LumberJocks

Finishing some oak

  • Advertise with us

« back to Finishing forum

Forum topic by Deanna posted 01-22-2015 12:06 AM 1046 views 1 time favorited 11 replies Add to Favorites Watch
View Deanna's profile

Deanna

29 posts in 720 days


01-22-2015 12:06 AM

Topic tags/keywords: oak question tip finishing

I sanded some white oak up to 220 and its shiny. I am doing a walnut with bronze highlights. Should I re-sand to 180? I fear I sealed the wood and want to take it to the right place to capture the stain. (I need to be careful when reading the forums.) Any thoughts?

Has anyone ever added a bronze to an untinted stain? Can I use a water base latex to an untinted stain?

Thanks for your comments


11 replies so far

View AandCstyle's profile

AandCstyle

2566 posts in 1719 days


#1 posted 01-22-2015 12:31 AM

Deanna, I routinely sand white oak to 220 and then apply TransTint dye in either Target’s WR40xx (clear) or EM1000. I haven’t ever tried for a bronze color, but look at this project for a similar (maybe) effect. HTH

-- Art

View Deanna's profile

Deanna

29 posts in 720 days


#2 posted 01-22-2015 01:14 AM

Very, very pretty. Stunning finish. Looking for more bronze than honey though. I purchased GF Antique Walnut gel stain (no talented enough yet to do all the mixing but we will get there) and the color is great just need the tones or grain to be bronze. Was looking into mixing bronze pigment or bronze metallic paint with a wood stain untinted. Think its a bad idea?

View AandCstyle's profile

AandCstyle

2566 posts in 1719 days


#3 posted 01-22-2015 01:43 AM

The best I can offer is to try various approaches on scrap samples that have also been sanded to 220G. Also, be certain to apply your clear coat(s) because that can change the look of the completed project. It is a pain, but you really need to go through your entire finishing schedule with each sample.

I think you really need to apply the two different colors in two separate steps, but I have been wrong before. FWIW

-- Art

View OSU55's profile

OSU55

1056 posts in 1451 days


#4 posted 01-22-2015 05:50 AM

Sanding to 220 will be fine – I usually sand 320 after raising the grain for WB dye. Here are a couple of things you could try on scrap:

1. Apply stain let dry
2. Seal stain (I would use flake shellac)
3. Use a bronze pigment in a glaze (I use Golden Acrylic Glazing Liquid with Golden Fluid Acrylics pigment – any acrylic paint will work with an acrylic glaze). Wipe off and see if enough stays in the grain.
4. Seal the glaze (shellac)
5. topcoat

Another option might be to just substitute thinned bronze paint (WB acrylic) for the glaze. If that doesn’t work, you could try drywall compound or flour. Seal the stain, use a brush to apply the drywall compound or flour, brushing into all the negative grain, apply the glaze or thinned paint and wipe around, coloring and pushing the “filler” into the grain, then wipe off. Have a spray bottle of water ready if it starts to set up before you wipe it off. Good Luck!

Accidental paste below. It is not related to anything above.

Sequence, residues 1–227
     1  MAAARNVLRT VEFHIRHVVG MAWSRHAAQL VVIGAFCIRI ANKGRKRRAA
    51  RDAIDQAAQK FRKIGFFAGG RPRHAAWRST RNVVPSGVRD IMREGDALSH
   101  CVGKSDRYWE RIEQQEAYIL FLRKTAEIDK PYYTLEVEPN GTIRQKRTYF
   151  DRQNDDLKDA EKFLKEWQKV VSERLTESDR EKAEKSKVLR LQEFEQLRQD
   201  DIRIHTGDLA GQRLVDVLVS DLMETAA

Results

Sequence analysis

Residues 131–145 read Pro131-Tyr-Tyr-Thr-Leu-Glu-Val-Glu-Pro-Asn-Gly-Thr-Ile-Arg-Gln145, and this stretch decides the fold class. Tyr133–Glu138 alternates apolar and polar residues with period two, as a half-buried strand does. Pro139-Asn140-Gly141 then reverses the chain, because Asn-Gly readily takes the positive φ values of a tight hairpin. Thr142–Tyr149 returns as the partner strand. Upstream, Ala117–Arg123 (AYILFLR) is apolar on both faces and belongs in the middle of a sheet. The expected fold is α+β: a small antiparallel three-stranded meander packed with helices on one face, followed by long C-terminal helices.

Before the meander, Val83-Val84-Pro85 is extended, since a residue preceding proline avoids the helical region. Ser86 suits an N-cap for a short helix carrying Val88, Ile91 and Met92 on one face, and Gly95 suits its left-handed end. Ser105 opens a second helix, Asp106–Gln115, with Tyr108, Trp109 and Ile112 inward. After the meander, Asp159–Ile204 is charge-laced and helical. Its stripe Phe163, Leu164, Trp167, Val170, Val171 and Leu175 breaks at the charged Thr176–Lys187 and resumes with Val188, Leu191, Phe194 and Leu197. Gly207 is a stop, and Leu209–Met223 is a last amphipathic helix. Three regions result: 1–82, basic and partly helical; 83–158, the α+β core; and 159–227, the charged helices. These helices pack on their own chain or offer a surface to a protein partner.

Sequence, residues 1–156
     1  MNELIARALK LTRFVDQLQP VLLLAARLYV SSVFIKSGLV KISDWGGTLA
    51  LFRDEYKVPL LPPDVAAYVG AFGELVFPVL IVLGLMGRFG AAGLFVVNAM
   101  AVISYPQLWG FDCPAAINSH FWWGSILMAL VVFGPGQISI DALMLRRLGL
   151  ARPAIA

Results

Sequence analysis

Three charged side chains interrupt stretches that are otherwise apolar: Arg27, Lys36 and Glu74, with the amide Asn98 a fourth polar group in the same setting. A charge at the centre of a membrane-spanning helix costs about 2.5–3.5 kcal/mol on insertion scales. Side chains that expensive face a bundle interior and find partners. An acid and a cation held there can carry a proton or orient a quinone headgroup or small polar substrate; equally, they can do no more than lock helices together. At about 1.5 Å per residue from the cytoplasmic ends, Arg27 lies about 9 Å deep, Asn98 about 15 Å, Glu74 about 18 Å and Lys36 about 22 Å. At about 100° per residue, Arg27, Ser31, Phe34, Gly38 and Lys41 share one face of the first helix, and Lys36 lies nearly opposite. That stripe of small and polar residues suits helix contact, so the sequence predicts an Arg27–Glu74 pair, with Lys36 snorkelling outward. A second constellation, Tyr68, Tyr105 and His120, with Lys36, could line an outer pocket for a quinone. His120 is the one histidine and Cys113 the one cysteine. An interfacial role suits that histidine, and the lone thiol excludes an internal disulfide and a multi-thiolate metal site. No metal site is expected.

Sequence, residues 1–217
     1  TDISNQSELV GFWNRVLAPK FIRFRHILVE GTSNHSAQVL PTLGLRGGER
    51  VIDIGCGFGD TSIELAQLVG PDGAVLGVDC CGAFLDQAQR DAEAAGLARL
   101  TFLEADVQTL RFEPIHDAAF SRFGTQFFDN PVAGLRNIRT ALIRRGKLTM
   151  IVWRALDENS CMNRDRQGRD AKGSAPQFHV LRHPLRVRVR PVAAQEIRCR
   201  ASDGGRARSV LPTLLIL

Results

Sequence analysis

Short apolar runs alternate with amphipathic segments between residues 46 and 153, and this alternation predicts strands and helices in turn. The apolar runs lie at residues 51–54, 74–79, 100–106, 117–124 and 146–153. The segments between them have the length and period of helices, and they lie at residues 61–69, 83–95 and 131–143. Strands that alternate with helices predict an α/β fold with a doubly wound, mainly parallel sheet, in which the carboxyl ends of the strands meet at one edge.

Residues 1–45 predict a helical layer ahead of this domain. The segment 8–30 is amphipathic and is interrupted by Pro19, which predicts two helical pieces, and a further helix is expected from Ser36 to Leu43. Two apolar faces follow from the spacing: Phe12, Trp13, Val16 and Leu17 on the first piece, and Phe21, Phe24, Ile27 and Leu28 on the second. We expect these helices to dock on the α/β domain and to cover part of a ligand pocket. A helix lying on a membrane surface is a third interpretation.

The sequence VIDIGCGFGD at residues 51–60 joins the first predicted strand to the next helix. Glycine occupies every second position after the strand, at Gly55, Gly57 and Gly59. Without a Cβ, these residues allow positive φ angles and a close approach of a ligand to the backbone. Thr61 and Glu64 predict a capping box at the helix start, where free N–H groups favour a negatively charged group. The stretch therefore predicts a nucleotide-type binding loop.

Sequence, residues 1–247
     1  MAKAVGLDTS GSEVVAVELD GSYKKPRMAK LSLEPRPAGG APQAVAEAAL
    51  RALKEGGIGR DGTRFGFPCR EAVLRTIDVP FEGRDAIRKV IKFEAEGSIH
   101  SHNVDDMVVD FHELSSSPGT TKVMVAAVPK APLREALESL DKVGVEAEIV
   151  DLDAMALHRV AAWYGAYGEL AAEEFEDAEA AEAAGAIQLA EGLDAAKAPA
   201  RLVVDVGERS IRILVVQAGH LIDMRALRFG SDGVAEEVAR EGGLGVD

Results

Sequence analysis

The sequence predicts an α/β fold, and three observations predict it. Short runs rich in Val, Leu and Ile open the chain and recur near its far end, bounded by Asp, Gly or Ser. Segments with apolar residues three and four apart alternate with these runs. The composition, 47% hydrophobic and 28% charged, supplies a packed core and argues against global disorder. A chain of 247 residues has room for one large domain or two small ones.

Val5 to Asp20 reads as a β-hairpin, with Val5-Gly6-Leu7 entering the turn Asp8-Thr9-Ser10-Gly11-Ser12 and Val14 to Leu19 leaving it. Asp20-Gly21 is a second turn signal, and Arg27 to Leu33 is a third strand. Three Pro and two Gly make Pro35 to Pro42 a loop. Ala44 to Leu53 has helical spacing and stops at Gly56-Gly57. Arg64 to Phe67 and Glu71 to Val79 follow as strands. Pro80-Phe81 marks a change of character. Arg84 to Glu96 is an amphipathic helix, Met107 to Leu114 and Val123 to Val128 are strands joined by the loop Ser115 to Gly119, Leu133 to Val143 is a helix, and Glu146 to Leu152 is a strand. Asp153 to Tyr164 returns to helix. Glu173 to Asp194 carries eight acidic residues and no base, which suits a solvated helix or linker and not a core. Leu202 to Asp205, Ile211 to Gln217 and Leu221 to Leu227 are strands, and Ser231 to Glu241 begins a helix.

View pjones46's profile

pjones46

986 posts in 2104 days


#5 posted 01-22-2015 06:05 AM

+1 osuss

This LINK somwhat shows the process where you would use bronze pigment in your glaze.

-- Respectfully, Paul

View Deanna's profile

Deanna

29 posts in 720 days


#6 posted 01-22-2015 02:02 PM

Awesome responses and thank you for the link. I have seen it before and had been searching for it. Thank you.

Sounds impossible to get the earlywood (grain pattern) to hold the bronze rather than the latewood. I’m going to play and see what happens.

No sanding between sealing stain and brushing drywall/flour?
Powder form no water added to drywall/flour?

This sounds like fun!!

I do appreciate you pros so very much! Thank you thank you thank you!

View Deanna's profile

Deanna

29 posts in 720 days


#7 posted 01-23-2015 12:20 AM

None of the above (and a few more) worked.

Can I get more info on this drywall flour thing? I tried pouncing wet drywall, wiping off excess but that didn’t turn out.

I’m thinking of staining with an amber (golden sorta bronze) , seal coat, few coats bronze walnut wiping stain (may add some walnut tints all to get it darker), then topping it. I just don’t want to loose the grain!

Responses requested and appreciated. Kind of a dummy here and appreciate the knowledge more than you know.

Thanks!

View pjones46's profile

pjones46

986 posts in 2104 days


#8 posted 01-23-2015 05:24 AM

This LINK somewhat explains how you use the drywall compound to fill the pores of the oak.. You will color the drywall compound with your gold/bronze coloring, make sure it is water based as drywall compound is water based.

-- Respectfully, Paul

View Deanna's profile

Deanna

29 posts in 720 days


#9 posted 01-24-2015 10:02 PM

I got it. I stained a few coats with a bronze walnut wiping stain. I then used my finger on a small amount of mineral spirits on a rag and selectively removed some of the stain from the inside of prominent grain I wanted emphasized and stained those areas with a honey maple. Once the finish went on, it popped beautifully! Thanks for all the support you guys. Its a bronze, walnut and golden beauty!

View Deanna's profile

Deanna

29 posts in 720 days


#10 posted 02-01-2015 08:29 PM

Thanks again for all the help! You guys are my heroes!!!

View Deanna's profile

Deanna

29 posts in 720 days


#11 posted 02-01-2015 09:00 PM

Ready for the designer’s finishing touches including wall paper and a huge crystal chandelier! Fun project!

Have your say...

You must be signed in to reply.

DISCLAIMER: Any posts on LJ are posted by individuals acting in their own right and do not necessarily reflect the views of LJ. LJ will not be held liable for the actions of any user.

Latest Projects | Latest Blog Entries | Latest Forum Topics

HomeRefurbers.com